I believe that our apparent reluctance to perform surgery in these cases is due to the underlying belief that upper C-spine fixation/fusion in the elderly presents a prohibitively high risk. I question that general proposition because we think quite the opposite nowadays when managing hip fractures and many other metaphyseal fractures with high complication profiles in older people. Certainly, the major risks with upper C-spine surgery are potentially fatal neurologic and vascular injuries, but this well-done analysis demonstrates that the mortality outcomes are markedly better with surgery. In addition, JBJS recently published a paper by Joestl et al.  on the outcomes of C2 fusions in geriatric patients with a dens fracture nonunion, which confirmed good outcomes and a favorable risk profile (see related OrthoBuzz post).

I think it is time for the orthopaedic, neurological-spine, and rehabilitation communities to seriously reconsider our approach to elders with C2 fractures. As Pearson et al. conclude, until an RCT is performed on this question (if ever), “surgeons and patients should use the available data in a shared decision-making model to choose the treatment consistent with an individual patient’s values.”

Marc Swiontkowski, MD

JBJS Editor-in-Chief

JBJS Case Connections: Happy Endings to Unusual Cervical Spine Injuries

The November 25, 2015 “Case Connections” looks at four JBJS Case Connector cases involving injuries to the cervical spine in which the outcomes were about as good as anyone could have wished, considering the potential for disaster. Two of the cases required surgical intervention to achieve the positive outcomes, but the outcomes in the other two cases were remarkably positive without surgery.

While these four cases of cervical spine injury had relatively “happy endings,” orthopaedic surgeons and other health-care professionals treating patients with any suspected spine injury are trained to proceed with the utmost care and caution out of concern for devastating neurological sequelae. Watchful waiting under close medical scrutiny is sometimes warranted, but many cases of cervical fracture, dislocation, or instability call for operative stabilization to reduce the risk of life-changing or life-threatening consequences. The potential seriousness of surgical complications when operating on the spine must also be recognized.

JBJS Classics: Cervical Discectomy and Interbody Fusion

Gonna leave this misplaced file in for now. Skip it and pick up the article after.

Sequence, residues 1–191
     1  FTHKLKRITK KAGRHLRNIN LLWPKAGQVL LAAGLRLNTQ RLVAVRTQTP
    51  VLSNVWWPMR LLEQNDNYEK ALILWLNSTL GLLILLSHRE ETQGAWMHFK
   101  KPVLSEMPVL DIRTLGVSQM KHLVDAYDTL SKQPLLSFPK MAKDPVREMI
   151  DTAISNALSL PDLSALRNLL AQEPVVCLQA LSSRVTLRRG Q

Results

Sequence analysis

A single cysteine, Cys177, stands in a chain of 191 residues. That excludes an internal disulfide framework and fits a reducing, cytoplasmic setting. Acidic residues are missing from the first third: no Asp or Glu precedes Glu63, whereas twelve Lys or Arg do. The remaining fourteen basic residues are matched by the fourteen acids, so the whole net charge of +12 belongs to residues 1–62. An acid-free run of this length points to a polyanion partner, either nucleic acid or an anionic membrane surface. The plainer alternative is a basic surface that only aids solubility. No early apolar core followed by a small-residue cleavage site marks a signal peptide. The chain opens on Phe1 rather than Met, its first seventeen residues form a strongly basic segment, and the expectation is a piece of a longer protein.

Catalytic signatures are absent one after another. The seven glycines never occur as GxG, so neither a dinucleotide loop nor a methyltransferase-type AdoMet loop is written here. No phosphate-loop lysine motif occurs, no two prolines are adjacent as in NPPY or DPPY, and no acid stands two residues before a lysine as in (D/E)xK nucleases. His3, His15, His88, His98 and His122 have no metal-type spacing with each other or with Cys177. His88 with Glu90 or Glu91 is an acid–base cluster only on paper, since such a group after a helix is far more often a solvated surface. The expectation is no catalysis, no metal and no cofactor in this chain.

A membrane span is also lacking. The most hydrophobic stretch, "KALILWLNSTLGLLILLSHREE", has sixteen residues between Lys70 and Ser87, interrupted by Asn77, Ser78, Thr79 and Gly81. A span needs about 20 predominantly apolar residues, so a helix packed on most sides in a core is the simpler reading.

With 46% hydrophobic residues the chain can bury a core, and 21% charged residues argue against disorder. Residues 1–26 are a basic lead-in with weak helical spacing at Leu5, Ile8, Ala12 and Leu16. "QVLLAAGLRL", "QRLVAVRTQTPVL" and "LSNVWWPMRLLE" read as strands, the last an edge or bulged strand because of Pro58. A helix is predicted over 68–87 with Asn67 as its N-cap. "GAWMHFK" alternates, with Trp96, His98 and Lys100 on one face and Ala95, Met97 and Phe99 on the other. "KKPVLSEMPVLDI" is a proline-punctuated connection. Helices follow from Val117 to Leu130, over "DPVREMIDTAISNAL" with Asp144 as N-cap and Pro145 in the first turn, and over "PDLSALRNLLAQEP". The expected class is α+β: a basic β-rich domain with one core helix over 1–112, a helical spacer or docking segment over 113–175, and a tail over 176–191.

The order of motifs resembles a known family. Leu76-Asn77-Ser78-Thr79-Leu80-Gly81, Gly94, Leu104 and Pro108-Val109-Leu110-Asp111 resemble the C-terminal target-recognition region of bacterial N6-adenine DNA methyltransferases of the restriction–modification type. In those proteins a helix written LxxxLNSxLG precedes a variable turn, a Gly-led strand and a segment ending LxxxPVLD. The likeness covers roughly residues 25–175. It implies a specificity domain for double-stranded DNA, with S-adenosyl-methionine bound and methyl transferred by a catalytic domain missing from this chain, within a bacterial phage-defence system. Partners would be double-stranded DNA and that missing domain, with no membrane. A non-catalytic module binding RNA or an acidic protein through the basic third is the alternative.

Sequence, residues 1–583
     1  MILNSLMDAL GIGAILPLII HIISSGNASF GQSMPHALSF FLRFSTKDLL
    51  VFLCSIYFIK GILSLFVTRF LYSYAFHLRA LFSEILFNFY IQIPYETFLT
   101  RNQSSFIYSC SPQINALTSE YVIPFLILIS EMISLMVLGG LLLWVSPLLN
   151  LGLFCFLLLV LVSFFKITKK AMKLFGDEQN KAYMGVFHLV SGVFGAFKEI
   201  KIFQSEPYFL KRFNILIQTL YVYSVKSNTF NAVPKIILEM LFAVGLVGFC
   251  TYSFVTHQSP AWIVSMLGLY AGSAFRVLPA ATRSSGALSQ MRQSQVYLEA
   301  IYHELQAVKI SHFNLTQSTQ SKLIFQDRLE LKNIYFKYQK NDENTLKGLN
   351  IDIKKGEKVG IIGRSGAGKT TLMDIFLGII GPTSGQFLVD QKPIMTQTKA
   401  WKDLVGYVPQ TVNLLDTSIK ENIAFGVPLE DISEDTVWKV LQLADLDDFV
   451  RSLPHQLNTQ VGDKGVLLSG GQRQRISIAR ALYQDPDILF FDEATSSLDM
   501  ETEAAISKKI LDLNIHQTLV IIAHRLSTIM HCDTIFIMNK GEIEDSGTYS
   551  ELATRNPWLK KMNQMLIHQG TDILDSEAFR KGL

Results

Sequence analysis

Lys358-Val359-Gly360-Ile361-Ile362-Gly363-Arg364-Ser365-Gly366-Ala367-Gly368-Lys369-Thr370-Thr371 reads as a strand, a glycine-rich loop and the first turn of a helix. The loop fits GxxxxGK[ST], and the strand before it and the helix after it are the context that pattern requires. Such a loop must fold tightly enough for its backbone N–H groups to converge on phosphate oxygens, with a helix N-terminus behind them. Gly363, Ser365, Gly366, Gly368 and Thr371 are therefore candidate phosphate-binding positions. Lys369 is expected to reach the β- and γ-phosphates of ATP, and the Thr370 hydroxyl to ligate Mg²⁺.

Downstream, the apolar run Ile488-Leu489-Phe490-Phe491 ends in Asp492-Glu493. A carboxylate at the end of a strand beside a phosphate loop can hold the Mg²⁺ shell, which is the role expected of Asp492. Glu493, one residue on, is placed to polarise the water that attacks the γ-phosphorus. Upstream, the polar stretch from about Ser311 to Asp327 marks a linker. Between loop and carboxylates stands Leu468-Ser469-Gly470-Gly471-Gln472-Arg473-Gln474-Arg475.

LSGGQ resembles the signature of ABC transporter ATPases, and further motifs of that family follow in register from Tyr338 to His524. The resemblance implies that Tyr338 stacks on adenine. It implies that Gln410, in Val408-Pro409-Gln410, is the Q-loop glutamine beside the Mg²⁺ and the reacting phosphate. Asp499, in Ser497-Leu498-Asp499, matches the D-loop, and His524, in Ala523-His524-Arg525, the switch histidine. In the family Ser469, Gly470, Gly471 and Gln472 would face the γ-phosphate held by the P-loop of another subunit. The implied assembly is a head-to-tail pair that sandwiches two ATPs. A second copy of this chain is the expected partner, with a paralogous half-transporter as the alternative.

JBJS-Classics-logoEach month during the coming year, OrthoBuzz will bring you a current commentary on a “classic” article from The Journal of Bone & Joint Surgery. These articles have been selected by the Editor-in-Chief and Deputy Editors of The Journal because of their long-standing significance to the orthopaedic community and the many citations they receive in the literature. Our OrthoBuzz commentators will highlight the impact that these JBJS articles have had on the practice of orthopaedics. Please feel free to join the conversation about these classics by clicking on the “Leave a Comment” button in the box to the left.

It is rare that an article published more than 50 years ago continues to have an impact on clinical practice today. But that is the case with “The Treatment of Certain Cervical-Spine Disorders by Anterior Removal of the Intervertebral Disc and Interbody Fusion.” What make this article so unique are the details that Drs. George Smith and Robert Robinson put into describing the procedure and the careful follow-up of their early experience with this technique.

I have had a copy of this article in my files since I was a resident at Yale, training with Wayne Southwick, who had trained with Dr. Robinson at the time this approach to the cervical spine was developed. The two key contributors to anterior cervical spine surgery back in the 1950s were Dr. Robinson and the neurosurgeon Dr. Ralph Cloward.

Dr. Robinson’s technique has the support of biomechanical principles, which makes this particular approach and bone-graft fusion construct inherently stable; hence, its continued use to this very day. However, back in the ‘50s, and even when I trained in the 1970s, hardware to stabilize the spine following discectomy was not available in the US.

The approach that these authors described is very versatile and is utilized for all sorts of anterior procedures, including removal of intervertebral discs, arthrodesis, and vertebrectomy, and it allows for doing multiple-level procedures. The technique I use today is the same one that Dr. Southwick taught me and that he learned directly from Dr. Robinson.

Dr. Robinson has had a major impact on cervical spine surgery, and it was estimated that at one time 33% to 50% of members of the Cervical Spine Research Society were trained by him, by one of his residents or fellows, or by one of their residents or fellows—Dr. Robinson’s “offspring.”

I believe this technique will continue to stand the test of time, as it has during the past half century, and will have a major influence on spine surgery well into the future.

Charles Clark, MD

JBJS Deputy Editor for Adult Reconstruction and Spine

First 3D-Printed Cervical Disc Implanted

For any number of reasons, regulatory issues among them, orthopaedic innovations in China often have modest relevance for the practice of orthopaedics elsewhere in the world, but that doesn’t make them any less fascinating.

Case in point: According to Becker’s Spine Review, surgeons in China recently implanted the first-ever 3D-printed cervical disc in a 12-year-old boy. The surgeon, Dr. Liu Zhongjun, described the procedure as successful, although the patient will have to remain in a head frame with pins for three months.

The Becker’s story did not specify the material from which the cervical disc was printed, but 3D printing is capable of producing porous metal implants, and companies have reported success with 3D-printed implants made from thermoplastic materials.

One theoretical advantage of 3D-printed orthopaedic implants is that they can be customized based on digital images of a patient’s actual anatomy. That would conceivably result in a better fit, quicker recovery, and fewer complications.

Still, don’t expect to find a 3D prosthetic printer in your hospital anytime soon. Clinical studies required to ensure the safe and effective use of even the most promising new technologies take years. And even after such studies are completed, regulatory approval and coverage from payers is not guaranteed.